However, finding a doctor that can design an acne management plan for your specific breakouts–and to treat acne scars– requires planning, research and quality recommendations.
Here’s a quick acne fact: The American Academy of Dermatology (AAD), states that “40 to 50 million Americans are battling acne. It is the most widespread skin disorder in the United States.”
As acne management procedures differ, from type of medication used to the length of treatment provided, your dermatologist is a critical health professional to keep your face blemish-free.
Whether you are a middle-aged woman wanting to get rid of back and chest acne or a teenager fighting cystic acne, a dermatologist to treat acne will design a treatment plan that fits your medical history, type of acne and lifestyle perfectly.
Things You’ll Need:
- Referrals from your family practitioner physician
- A list of dermatologists found in your medical insurance’s network
- A journal to record your acne flare-ups.
Table of Contents
- 1 Request an acne-specific referral from your family physician.
- 2 Evaluate your current health insurance plan for dermatologist.
- 3 Search a dermatologists licensing board for an acne-treating professional.
- 4 Maintain an acne journal.
- 5 Set up free consultations with your top two or three dermatologists.
- 6 Determine your dermatologist’s bedside manner.
- 7 Beware of fluctuating acne medication costs.
Request an acne-specific referral from your family physician.
A dermatologist specializes in diagnosing and treating skin diseases. Because doctors categorize acne in four grades (using the Pillsbury Classification system), your physician will recommend three to four professionals to treat your acne.
Evaluate your current health insurance plan for dermatologist.
Look for approved doctors within your physician network. While most basic medical insurance covers acne medications and treatments, a physician recommended by family or friends, may not be a member of your medical insurance network.
Contact your current insurance provider. Peruse the number of specialists in dermatology available that match the list of referrals you’re your primary physician before scheduling an appointment.
Search a dermatologists licensing board for an acne-treating professional.
Visit the website of the American Academy of Dermatology (AAD) for a list of acne specialists in your city. The AAD, founded in 1938, represents more than 15,000 physicians worldwide. Search the AAD’s extensive database by city, state, area code or zip code to find a dermatologist that is board certified, to treat your acne.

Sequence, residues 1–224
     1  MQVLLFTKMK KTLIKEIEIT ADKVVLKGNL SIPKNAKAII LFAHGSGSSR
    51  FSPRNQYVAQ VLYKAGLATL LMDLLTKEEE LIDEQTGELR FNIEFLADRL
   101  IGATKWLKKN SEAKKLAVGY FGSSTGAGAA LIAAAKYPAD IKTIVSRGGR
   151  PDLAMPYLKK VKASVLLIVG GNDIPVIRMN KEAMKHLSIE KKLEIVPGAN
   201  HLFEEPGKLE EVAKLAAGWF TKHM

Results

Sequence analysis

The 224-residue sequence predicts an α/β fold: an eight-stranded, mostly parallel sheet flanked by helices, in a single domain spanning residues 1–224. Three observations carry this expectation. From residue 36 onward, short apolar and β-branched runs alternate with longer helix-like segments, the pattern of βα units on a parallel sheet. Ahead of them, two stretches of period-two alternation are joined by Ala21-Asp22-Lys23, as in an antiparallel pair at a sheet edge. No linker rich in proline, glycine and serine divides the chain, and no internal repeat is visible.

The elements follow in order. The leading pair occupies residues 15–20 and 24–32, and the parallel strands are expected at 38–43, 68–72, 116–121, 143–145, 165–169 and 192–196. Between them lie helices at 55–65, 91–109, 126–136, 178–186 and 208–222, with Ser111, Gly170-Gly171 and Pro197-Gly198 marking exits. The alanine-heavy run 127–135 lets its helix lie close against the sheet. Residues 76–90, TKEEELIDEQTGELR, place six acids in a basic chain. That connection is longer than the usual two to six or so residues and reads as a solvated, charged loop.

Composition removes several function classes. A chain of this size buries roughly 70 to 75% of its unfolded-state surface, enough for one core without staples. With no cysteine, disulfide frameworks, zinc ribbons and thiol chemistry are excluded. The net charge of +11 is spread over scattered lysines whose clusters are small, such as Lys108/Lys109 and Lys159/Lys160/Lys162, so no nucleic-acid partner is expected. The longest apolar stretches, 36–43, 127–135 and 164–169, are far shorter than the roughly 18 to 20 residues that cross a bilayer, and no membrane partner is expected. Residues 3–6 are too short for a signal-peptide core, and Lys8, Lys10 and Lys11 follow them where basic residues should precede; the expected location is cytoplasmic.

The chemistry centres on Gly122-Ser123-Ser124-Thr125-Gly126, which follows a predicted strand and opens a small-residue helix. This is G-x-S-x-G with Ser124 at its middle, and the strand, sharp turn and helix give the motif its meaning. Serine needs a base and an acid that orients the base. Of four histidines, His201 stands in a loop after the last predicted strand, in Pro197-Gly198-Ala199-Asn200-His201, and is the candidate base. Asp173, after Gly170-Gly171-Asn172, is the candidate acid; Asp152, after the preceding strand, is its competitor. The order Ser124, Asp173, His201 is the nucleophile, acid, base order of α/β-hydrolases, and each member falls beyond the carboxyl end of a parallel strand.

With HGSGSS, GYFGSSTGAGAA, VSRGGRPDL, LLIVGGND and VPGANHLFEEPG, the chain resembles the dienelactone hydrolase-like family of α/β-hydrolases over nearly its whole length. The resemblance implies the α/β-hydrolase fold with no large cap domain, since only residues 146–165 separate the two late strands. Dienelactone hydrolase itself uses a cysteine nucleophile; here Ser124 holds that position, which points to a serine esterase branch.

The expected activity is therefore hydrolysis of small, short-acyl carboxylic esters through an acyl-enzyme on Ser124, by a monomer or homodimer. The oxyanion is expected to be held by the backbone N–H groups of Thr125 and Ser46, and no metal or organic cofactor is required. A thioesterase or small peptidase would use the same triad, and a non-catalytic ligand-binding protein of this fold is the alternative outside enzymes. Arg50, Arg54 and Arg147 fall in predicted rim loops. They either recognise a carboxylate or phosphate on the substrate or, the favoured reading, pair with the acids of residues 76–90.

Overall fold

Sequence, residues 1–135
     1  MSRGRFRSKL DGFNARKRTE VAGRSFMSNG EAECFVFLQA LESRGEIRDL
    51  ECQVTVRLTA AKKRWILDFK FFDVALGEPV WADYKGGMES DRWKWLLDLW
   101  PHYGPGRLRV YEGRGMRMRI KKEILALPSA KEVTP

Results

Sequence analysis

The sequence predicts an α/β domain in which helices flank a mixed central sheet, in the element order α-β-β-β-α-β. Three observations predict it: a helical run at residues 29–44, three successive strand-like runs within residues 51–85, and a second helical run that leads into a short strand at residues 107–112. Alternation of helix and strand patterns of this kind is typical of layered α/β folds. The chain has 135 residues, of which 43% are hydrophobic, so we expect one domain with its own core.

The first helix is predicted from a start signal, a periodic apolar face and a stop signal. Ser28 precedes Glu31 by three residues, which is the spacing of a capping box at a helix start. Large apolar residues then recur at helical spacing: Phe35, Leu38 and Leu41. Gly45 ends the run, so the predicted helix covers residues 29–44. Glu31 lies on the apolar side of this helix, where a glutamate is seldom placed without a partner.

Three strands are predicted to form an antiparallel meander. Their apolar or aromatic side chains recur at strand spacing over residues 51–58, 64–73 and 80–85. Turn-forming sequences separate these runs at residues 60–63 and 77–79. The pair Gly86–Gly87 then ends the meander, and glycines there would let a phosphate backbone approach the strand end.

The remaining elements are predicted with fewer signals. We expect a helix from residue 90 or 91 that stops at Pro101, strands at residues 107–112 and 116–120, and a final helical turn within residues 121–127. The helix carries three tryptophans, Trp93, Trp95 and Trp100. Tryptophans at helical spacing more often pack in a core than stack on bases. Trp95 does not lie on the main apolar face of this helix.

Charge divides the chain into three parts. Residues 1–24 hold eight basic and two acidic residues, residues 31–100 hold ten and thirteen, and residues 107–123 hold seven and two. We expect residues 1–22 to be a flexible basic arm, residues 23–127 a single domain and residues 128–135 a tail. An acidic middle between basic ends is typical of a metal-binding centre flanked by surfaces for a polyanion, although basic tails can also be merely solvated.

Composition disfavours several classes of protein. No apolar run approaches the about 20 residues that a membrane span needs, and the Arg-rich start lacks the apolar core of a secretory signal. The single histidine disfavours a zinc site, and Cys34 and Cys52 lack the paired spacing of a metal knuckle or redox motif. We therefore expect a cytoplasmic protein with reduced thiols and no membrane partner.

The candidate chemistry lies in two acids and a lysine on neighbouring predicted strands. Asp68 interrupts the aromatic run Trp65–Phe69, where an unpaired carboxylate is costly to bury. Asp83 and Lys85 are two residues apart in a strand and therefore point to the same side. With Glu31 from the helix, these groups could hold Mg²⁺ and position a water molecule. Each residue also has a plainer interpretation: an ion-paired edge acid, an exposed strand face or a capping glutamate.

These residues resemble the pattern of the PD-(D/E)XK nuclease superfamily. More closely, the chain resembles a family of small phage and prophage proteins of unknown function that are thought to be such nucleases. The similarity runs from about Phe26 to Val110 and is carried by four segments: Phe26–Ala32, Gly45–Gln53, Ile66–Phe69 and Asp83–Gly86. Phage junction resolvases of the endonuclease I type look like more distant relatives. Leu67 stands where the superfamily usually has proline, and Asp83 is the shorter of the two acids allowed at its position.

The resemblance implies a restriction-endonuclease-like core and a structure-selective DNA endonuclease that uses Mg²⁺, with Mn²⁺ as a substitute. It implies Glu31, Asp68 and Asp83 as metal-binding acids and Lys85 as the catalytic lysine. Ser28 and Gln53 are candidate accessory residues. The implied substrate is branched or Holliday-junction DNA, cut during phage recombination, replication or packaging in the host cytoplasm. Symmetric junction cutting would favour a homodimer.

An acne journal will capture a quick history of your eating habits, acne scars and acne breakouts. Three weeks before your first dermatology consultation, present this journal to your dermatologist. This record of your flare-ups helps the dermatologist identify any patterns in your acne.
Use this journal to identify your daily meal plan, to identify where on your body you normally see breakouts, and any additional information that pertains to your bad skin.
Set up free consultations with your top two or three dermatologists.
Ask about the specific treatment option used in their suggested acne treatments and acne scar removal methods. Inquire about the dermatologist’s questions qualifications and specific skill treating acne. Talk about with each dermatologist the information you’ve recorded in your acne journal.
Examine before and after photos of successful acne treatments prescribed by this practitioner for former and current acne patients.
Determine your dermatologist’s bedside manner.
It is important to feel at ease with the acne treatments prescribed by the acne specialist. During your initial consultation, assess whether you feel comfortable with the doctor’s demeanor and treatment methods.
Get to the doctor’s office 20 to 25 minutes before your first appointment. Talk to the receptionist, nurse and current patients about the doctor’s prior success in treating acne and his rapport with clients and staff members.
Beware of fluctuating acne medication costs.
Medical insurance companies categorize prescription medications into three tiers: preferred medications, generics and non-preferred medicines.
Your co-pay may increase or decrease based on the type of acne prescription given by your dermatologist.
If your acne medication is too expensive, ask your dermatologist for a generic acne medication to treat your acne.